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1973 - Notre Dame 24, Alabama 23
By Dan O'Sullivan

In this age of endless media hype, it seems that college football has a "Game of the Century" every few years.

Just two years ago, Florida faced Florida State for bragging rights of the Sunshine State. In 1991, another intrastate summit pitted Miami against Florida State. Eight years earlier, Penn State clashed with Georgia in the Sugar Bowl. And so on.

1973's Game of the Century was the Alabama-Notre Dame Sugar Bowl.

The two storied programs met for the first time at New Orleans' Tulane Stadium, where the Sugar Bowl was held until 1975. It was the perfect match-up. Both Alabama and Notre Dame had histories sprinkled with national championships, All-Americans and Heisman Trophy winners. Both had legendary coaches leading them into battle: Paul "Bear" Bryant for the Crimson Tide and Ara Parseghian for the Fighting Irish.

Most enticingly, both teams had gone undefeated during the regular season. Alabama came to the Big Easy with the No. 1 ranking from the AP and UPI, while Notre Dame sat in the top four of both polls.

Quarterback Tom Clements, whose collegiate career fell between those of Joe Theismann and Joe Montana, headed the Irish offense. The junior signal-caller carried with him the historical burdens of quarterbacking greatness and championship expectations at South Bend. And yet, he remembers anticipating the New Year's Eve tilt with great eagerness rather than anxiety.

"It was the kind of game you want to play in," Clements said recently. "That's why kids go to schools like Notre Dame, Alabama and Southern Cal. It's because they want to have the opportunity to play in games with a lot of meaning, games where potentially you could win a national championship."

As game time approached, the artificial turf at Tulane Stadium was soggy and slippery. Fortunately, the competition on the field belied the less-than-ideal conditions.

The Irish defense set the tone early, holding 'Bama to negative yardage in the first quarter. ND's Al Hunter highlighted the second quarter with a 93-yard kickoff return for a score, as Parseghian's squad took a 14-10 advantage to the locker room.

Clements said he and his teammates appreciated Parseghian's ability to guide them through big games.

"(Parseghian) paid great attention to detail, was a great motivator, and we knew that sometimes we would get beaten physically, but we wouldn't get beaten by X's and O's," said Clements. "We felt very confident that if we listened to him and executed, everything would turn out OK."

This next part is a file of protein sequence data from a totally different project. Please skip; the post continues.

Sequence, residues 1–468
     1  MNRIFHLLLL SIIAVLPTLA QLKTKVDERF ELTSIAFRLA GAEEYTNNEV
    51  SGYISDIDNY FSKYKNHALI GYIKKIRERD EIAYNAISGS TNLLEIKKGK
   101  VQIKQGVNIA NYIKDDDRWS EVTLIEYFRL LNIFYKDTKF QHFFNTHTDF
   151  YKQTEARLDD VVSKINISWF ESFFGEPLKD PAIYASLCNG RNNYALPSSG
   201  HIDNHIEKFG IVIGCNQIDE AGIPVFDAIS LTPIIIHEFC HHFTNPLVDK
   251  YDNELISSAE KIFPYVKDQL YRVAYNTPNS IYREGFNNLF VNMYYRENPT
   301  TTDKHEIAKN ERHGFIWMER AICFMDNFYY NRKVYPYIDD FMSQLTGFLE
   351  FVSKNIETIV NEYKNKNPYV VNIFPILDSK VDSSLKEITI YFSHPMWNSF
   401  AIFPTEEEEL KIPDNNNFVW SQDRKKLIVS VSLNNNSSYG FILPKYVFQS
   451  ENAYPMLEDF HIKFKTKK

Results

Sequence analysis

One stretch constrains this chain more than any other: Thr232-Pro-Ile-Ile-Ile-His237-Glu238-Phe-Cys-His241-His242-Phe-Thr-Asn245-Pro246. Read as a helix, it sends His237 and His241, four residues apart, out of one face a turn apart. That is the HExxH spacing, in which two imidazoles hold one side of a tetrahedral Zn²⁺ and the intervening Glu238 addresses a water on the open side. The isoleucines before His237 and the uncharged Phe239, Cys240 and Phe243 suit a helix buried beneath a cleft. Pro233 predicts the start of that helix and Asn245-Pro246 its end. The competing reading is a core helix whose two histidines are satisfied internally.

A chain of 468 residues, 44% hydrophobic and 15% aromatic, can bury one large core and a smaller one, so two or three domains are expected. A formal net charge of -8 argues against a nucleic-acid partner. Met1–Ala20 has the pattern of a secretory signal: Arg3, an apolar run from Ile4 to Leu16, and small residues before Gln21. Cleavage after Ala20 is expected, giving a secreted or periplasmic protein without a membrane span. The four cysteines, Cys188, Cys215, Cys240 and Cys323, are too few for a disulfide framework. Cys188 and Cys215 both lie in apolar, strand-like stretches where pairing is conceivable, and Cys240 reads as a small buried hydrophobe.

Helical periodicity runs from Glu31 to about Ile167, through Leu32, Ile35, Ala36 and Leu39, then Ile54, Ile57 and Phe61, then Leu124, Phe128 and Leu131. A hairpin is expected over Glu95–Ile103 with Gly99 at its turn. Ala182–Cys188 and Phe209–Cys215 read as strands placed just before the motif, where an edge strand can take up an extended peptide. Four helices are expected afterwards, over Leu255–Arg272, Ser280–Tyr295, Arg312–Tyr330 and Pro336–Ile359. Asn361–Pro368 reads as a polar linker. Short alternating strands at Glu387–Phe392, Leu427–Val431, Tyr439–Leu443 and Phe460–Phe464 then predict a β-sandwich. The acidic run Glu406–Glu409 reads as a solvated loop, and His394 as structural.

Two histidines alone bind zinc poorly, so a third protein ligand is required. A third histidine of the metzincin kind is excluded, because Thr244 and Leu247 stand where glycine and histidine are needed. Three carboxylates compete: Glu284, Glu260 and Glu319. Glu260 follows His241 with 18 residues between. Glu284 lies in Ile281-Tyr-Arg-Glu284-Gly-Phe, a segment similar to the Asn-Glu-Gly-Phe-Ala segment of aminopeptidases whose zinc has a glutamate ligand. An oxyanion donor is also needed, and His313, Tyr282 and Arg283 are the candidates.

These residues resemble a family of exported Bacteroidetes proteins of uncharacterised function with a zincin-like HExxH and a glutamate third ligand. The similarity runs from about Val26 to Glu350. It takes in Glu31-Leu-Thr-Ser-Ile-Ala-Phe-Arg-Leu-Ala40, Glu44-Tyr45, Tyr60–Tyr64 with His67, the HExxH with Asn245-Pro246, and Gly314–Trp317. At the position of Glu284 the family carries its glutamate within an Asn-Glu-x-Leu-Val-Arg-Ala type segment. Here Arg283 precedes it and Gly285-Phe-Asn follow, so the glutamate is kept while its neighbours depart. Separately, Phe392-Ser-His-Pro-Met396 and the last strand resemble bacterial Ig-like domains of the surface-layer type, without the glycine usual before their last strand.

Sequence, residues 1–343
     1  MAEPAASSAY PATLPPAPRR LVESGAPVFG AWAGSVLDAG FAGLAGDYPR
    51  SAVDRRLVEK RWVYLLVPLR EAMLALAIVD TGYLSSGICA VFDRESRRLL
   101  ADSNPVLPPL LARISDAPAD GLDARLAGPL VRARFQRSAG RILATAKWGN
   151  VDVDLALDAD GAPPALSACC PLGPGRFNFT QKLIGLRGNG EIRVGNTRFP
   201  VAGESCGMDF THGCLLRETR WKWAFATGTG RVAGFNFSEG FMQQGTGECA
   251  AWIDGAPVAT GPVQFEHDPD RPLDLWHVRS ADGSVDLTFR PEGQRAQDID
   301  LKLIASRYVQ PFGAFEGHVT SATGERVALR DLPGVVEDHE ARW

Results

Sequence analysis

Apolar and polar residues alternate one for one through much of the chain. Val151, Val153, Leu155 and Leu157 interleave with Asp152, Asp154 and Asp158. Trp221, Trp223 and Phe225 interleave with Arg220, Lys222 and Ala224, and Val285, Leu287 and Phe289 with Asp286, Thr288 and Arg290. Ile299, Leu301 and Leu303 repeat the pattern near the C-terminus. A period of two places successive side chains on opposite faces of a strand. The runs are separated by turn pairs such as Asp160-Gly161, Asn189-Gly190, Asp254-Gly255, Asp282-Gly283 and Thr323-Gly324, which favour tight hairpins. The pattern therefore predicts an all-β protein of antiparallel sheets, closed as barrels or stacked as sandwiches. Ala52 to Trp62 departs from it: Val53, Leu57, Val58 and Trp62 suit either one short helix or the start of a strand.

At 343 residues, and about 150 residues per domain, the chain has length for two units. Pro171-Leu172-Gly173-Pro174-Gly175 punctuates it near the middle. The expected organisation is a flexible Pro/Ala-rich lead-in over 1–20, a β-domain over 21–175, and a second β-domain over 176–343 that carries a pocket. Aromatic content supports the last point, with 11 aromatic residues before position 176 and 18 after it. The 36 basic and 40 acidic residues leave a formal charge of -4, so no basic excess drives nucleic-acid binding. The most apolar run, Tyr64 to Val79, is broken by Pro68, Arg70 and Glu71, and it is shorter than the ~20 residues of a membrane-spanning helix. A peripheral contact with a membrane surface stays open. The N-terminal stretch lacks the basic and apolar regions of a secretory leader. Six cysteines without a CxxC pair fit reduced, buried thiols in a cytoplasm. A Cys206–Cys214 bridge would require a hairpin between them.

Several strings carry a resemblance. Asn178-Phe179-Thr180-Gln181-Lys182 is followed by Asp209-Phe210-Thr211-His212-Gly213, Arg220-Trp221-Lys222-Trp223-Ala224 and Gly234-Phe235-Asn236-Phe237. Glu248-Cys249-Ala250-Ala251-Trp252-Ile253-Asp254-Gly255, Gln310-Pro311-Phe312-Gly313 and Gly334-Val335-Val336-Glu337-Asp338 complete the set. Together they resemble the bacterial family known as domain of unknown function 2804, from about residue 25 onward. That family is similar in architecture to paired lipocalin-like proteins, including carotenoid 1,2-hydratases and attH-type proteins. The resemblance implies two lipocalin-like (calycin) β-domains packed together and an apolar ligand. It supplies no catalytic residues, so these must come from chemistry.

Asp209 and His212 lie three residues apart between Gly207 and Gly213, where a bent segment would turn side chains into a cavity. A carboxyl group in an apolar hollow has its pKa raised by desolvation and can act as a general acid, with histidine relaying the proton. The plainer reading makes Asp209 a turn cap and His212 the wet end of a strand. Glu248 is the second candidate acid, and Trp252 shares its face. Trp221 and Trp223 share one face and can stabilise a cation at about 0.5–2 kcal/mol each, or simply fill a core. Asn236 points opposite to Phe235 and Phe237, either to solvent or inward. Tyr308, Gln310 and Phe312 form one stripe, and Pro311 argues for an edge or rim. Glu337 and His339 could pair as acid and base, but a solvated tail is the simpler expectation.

In the third quarter, the two teams exchanged touchdowns. Alabama pulled a trick play early in the fourth, when halfback Mike Stock hit second-string quarterback Richard Todd with a 25-yard scoring strike. The touchdown gave the Tide a 23-21 lead, but kicker Bill Davis failed to make the extra point. The miss proved to be critical.

On its next drive, Notre Dame answered with a field goal to go ahead 24-23 with 4:26 remaining. It was the sixth lead change of the game. Alabama was forced to punt on its succeeding drive, and punter Greg Gantt boomed a 69-yarder that pinned the Irish on their own 2-yard line with 3:00 on the clock. Gantt was roughed up on the play, but Bryant declined the penalty (which would have given 'Bama a fourth-and-five) in hopes that his defense could create a turnover.

The ND offense got nowhere on the next two plays. Rather than playing it safe on third and long - by running to set up a punt - Parseghian called for a pass play.

"We got into a two-tight end set, a running set," recalled Clements. "It was a play where (tight end Dave) Casper was supposed to cross from one side of the field to the other, and he was the main target. But when I made the play-action fake and looked into the area where he was supposed to be, I noticed that (wide receiver) Robin Weber was running straight down the field."

Clements hit Weber with a 36-yard pass that brought Notre Dame out of danger with 2:12 left, and the Crimson Tide were all but finished. The 24-23 victory propelled Notre Dame to No. 1 in the AP poll (the final UPI poll came out before the bowl games), while Alabama finished at No. 4.

Clements went on to have a long, successful career in the Canadian Football League and now coaches quarterbacks for the New Orleans Saints. Twenty-five years later, he still delights in looking back on his championship season.

"It's a great memory and obviously a great accomplishment," said the 1973 Sugar Bowl MVP. "There's a great number of kids who play college football, and only a very small percentage who have the opportunity to play on a national championship (team). It's not easy to win one, and when you're fortunate enough to win one, you remember it for the rest of your life."

1935 - Sugar Bowl

1979 - Sugar Bowl

1981 - Sugar Bowl

1982 - Sugar Bowl

1990 - Sugar Bowl

1991 - Sugar Bowl